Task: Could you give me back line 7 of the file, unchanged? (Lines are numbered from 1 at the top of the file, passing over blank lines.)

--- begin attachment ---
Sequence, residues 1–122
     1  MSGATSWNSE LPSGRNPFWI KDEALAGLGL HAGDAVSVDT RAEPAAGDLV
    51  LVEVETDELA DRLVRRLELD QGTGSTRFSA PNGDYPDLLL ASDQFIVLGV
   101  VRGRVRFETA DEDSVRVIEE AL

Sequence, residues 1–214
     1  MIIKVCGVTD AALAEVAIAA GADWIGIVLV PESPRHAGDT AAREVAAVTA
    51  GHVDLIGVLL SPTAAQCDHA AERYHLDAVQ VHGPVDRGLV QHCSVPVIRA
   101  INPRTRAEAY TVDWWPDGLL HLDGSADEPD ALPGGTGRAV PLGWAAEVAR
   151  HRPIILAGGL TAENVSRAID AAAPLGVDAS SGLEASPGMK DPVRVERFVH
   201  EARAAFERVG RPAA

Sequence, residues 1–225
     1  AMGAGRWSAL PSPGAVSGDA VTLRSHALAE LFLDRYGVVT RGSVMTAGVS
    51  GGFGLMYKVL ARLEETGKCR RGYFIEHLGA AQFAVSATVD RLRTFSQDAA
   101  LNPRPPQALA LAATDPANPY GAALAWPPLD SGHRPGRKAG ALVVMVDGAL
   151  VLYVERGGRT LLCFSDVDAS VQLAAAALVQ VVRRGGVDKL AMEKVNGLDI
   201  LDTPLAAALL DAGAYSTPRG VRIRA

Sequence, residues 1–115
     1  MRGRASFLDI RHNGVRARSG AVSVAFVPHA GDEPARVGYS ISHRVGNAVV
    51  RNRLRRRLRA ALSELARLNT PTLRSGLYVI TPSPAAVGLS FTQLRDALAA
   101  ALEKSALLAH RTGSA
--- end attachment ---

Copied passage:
    51  GHVDLIGVLL SPTAAQCDHA AERYHLDAVQ VHGPVDRGLV QHCSVPVIRA